12 August 2009

Birthdays, Pies, Jobs, Academe

Yesterday was my 24th birthday. This seems neither too old nor too young for me, but somehow the wrong age anyway. Then again, I am the girl who when quizzed on her age by strangers sometimes still accidentally answers that she is 18, an age I have had the pleasure of not being for many years now.

My birthday was good for a lot of reasons. I spent the morning at the library looking at old photos, then took a long walk. I got a card from my mother, many calls and emails from friends and family (including a priceless voicemail from my brother in which he admitted that he 1) had initially forgotten my birthday 2) didn't know how old I was at first and 3) didn't know what city I currently live in), and went out for a ridiculously delicious dinner with Bron.

The best part about my birthday is that I'm gearing up for a lot of changes. Soon I'll be leaving one of my library jobs (the unpaid one), which is sad, because I really adore the work I do there--leaving so I can have that time to work on graduate school applications, including revising my master's thesis from last summer (more on that in a moment). I've also recently quit my job at the cafe, which is somewhat less prudent financially, but personally is like a dead weight lifted from my shoulders.

I'm excited about the fall and having a little more free time (or, at least, self-scheduled time). I baked a pie last week (peach pie with cornmeal crust) and realized how little I've had time to bake in the past year.

I've been surprised as I've started looking over my research and writing for my thesis just how much I love the topic I chose, and just how much more I have to say about it. The fact that I still have so much enthusiasm for Sigurd is galvanizing--in some false small way it makes me feel justified for wanting to undertake a PhD, like my ability to resurrect enthusiasm for a project I had spent so much time on and then not looked at for months is somehow proof that I'm cut out for it. Truth is there is no way to prove that I'm cut out for anything, except to try it on, give it a good go, and see if it fits.

I'm also considering submitting an abstract, based on my thesis, to NEMLA. The deadline is at the end of September, and there is a panel on spatio-temporal shifts in 19th century literature that I think my thesis would speak to well--there's a large section in the beginning about Morris's ellision of landscape, mythos/storytelling, and past-ness that I was planning on fleshing out more.

It's just too bad I can't think of a plausible way to tie the project to the panel on "The Politics of Meat in the 19th Century Novel."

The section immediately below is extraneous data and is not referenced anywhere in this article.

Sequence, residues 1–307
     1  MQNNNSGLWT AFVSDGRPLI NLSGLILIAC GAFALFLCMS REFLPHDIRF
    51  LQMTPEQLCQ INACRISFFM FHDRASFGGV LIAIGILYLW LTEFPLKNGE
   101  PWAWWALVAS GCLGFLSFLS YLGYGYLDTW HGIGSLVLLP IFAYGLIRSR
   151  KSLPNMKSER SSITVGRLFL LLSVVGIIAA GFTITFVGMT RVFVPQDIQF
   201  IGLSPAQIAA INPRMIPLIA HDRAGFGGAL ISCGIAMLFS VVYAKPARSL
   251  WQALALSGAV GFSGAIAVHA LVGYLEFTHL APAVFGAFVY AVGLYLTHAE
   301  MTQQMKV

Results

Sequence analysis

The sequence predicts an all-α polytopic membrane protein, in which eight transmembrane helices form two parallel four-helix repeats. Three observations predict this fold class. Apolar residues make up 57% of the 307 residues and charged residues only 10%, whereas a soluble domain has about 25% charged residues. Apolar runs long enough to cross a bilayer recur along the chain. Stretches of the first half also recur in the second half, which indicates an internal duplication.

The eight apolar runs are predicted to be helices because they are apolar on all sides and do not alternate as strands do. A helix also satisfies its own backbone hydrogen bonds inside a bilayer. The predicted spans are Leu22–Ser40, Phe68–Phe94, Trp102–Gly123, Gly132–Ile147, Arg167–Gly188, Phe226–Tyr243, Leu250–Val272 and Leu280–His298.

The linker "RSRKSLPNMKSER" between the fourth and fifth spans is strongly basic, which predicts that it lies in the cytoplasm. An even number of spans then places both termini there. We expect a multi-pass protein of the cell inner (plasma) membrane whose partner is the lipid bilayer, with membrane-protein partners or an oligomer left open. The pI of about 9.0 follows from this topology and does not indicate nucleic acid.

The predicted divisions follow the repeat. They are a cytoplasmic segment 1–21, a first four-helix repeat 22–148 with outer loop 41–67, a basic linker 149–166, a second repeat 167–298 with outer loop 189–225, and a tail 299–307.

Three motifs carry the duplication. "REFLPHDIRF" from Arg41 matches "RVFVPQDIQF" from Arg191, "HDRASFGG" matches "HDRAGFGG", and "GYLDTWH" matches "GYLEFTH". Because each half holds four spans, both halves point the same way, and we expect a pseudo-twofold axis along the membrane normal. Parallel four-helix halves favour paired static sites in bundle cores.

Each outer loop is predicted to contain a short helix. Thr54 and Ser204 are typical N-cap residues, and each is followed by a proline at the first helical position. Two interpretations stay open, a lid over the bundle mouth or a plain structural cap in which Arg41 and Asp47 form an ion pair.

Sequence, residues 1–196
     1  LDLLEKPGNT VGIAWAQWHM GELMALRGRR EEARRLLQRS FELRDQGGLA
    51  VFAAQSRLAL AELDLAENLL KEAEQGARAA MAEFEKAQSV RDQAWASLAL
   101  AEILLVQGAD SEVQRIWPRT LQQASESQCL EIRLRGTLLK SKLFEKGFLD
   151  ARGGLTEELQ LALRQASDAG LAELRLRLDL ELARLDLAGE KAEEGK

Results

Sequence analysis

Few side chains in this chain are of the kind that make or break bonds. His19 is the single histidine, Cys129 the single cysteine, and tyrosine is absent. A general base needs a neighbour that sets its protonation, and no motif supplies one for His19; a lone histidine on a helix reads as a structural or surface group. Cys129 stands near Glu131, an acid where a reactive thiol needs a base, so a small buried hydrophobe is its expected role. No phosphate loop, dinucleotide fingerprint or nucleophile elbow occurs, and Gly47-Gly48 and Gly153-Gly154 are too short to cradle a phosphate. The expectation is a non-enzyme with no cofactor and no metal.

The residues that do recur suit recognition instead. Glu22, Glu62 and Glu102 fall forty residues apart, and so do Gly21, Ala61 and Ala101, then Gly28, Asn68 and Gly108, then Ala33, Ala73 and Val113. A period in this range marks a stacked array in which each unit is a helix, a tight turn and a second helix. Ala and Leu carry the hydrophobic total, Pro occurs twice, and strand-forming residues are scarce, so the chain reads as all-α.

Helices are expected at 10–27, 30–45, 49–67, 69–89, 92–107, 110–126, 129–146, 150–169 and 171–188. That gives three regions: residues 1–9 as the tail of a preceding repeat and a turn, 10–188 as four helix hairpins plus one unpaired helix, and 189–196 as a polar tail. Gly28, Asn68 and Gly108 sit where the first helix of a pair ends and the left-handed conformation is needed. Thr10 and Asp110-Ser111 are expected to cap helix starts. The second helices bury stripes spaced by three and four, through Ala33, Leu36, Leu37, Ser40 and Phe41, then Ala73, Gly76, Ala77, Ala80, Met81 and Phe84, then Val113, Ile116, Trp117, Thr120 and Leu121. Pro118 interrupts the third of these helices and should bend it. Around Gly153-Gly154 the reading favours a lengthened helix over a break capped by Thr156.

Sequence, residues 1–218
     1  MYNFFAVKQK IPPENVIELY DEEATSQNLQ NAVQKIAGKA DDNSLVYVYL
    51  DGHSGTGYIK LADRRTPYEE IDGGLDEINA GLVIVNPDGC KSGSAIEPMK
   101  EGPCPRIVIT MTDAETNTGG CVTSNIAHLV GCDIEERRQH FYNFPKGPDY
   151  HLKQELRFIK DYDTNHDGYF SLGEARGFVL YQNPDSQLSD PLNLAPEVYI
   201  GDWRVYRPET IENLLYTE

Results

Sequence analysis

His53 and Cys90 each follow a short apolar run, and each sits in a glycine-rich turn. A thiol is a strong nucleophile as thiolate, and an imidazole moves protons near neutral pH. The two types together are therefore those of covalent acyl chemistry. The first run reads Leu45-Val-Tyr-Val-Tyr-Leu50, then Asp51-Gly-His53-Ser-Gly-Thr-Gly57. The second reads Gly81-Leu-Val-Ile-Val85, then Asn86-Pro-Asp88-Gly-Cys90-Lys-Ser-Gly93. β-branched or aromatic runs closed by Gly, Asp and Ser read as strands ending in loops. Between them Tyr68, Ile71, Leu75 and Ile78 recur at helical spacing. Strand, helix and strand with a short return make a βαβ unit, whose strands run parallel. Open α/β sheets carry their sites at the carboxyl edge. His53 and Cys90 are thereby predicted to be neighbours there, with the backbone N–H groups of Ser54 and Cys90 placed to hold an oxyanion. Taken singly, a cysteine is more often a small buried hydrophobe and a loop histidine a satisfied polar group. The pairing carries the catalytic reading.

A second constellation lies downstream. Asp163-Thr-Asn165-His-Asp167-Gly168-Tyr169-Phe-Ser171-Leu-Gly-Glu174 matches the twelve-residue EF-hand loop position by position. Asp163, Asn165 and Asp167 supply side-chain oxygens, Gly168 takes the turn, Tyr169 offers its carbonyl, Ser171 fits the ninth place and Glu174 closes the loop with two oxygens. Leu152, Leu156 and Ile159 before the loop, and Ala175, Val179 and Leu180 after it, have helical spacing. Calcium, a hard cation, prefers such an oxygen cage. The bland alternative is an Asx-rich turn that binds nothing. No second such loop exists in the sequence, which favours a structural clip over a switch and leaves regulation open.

According to Bron, there are quite a few of us baby Academes-in-training who are hoping to hop to NEMLA this year. Are you?

30 June 2009

As far as bathing suits go, this one is pretty bleh--drop-waisted bathing suits flatter no one, not even this preternaturally thin Vogue illustration lady--however, all will be forgiven because CAPE!!

The pink version would be rad made up in shin vinyl, like a raincoat (raincape?), but the best part of the envelope is View B, wherein the Vogue illustrator gave up the silly notion that any woman would wear such a cape for any purpose other than to be a Bohemian French spy. She is clearly none other than Madame Clouseau on her way home from a jewel heist and clandestine tryst.

In other news, I have finished (finally) the dress I've been working on. I'd provide a photo, but I'm too lazy to get up and find the dress or the camera. It came together well, although I had to do some last minute taking in of the bust, as well as some extra bust gathers, to make it fit at the top. I had planned to cut the dress I'm making for Bronwyn today--it's a Vogue repro design and I'm doing it up in this fabric:

Yes, those are tiny books. Tiny red books. You can't see it in this picture, but they are tiny red books that have little covers reading "LABOR." It's going to go swimmingly!

22 June 2009

Re: In search of lost 19th century novelists

Woke up this morning to this post at Little Professor about lost 19th century novelists. It's a subject that comes up a lot whenever I talk to other Victorianists, but which I have only infrequently observed in earlier time periods. It's funny, though, how we (and by we I mean other Victorianists, or 19th-centurists, more broadly) think of lost vs. found. I mean, which groups are we talking about, here, anyway?

For example, Wilkie Collins. Very very popular in his day, and still instantly recognizable to the most average Brit--but rarely taught even to English majors in the states. Trollope is another good one. I rarely hear of him being on syllabi, and he appears known across the pond almost exclusively because of BBC adaptations--people have generally heard of him and have a vague idea that he is someone they should have read, but if you ask for a list of big-name 19th century novelists he is immediately squashed under DICKENS, ELIOT, HARDY, THACKERY etc. and rarely can anyone remember the titles of his novels (which is really sad, because they have excellent titles).

Elizabeth Gaskell is another of that list. I might have passed through all my undergraduate years without encountering her had it not been for Christine Cozzens excellent syllabus for a class called 'The Woman Question in Victorian Literature.' We read Ruth, which I think rarely makes it onto reading lists, overshadowed in the world of 19th-century novels about unwed mothers from the lowerish classes impregnated by rakish members of the upperish classes by Tess of the D'Ubervilles. In graduate school, I read both Sylvia's Lovers and Cranford, and it was not so much any one of them that convinced me of her talent, but the combination of all three. Each is so distinct in style and flavor--Cranford in particular is a sharp contrast in that it is nearly completely plotless, and yet is quite vibrant and readable, very funny, and seems laden with import even though the greatest plot point is a cow who wears pajamas.